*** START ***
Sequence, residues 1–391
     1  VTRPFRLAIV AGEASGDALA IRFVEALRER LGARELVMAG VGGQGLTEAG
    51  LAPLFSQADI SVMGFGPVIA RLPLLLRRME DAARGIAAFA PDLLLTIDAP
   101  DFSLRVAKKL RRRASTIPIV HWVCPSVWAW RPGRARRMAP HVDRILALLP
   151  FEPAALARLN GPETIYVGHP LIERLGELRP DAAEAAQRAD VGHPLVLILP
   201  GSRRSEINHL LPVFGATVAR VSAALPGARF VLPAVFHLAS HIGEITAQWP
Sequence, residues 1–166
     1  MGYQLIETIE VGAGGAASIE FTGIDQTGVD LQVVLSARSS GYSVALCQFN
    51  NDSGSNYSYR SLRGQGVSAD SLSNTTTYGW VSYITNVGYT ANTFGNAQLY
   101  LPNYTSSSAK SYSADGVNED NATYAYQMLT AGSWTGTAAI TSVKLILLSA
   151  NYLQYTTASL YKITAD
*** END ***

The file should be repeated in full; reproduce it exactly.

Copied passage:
Sequence, residues 1–391
     1  VTRPFRLAIV AGEASGDALA IRFVEALRER LGARELVMAG VGGQGLTEAG
    51  LAPLFSQADI SVMGFGPVIA RLPLLLRRME DAARGIAAFA PDLLLTIDAP
   101  DFSLRVAKKL RRRASTIPIV HWVCPSVWAW RPGRARRMAP HVDRILALLP
   151  FEPAALARLN GPETIYVGHP LIERLGELRP DAAEAAQRAD VGHPLVLILP
   201  GSRRSEINHL LPVFGATVAR VSAALPGARF VLPAVFHLAS HIGEITAQWP
Sequence, residues 1–166
     1  MGYQLIETIE VGAGGAASIE FTGIDQTGVD LQVVLSARSS GYSVALCQFN
    51  NDSGSNYSYR SLRGQGVSAD SLSNTTTYGW VSYITNVGYT ANTFGNAQLY
   101  LPNYTSSSAK SYSADGVNED NATYAYQMLT AGSWTGTAAI TSVKLILLSA
   151  NYLQYTTASL YKITAD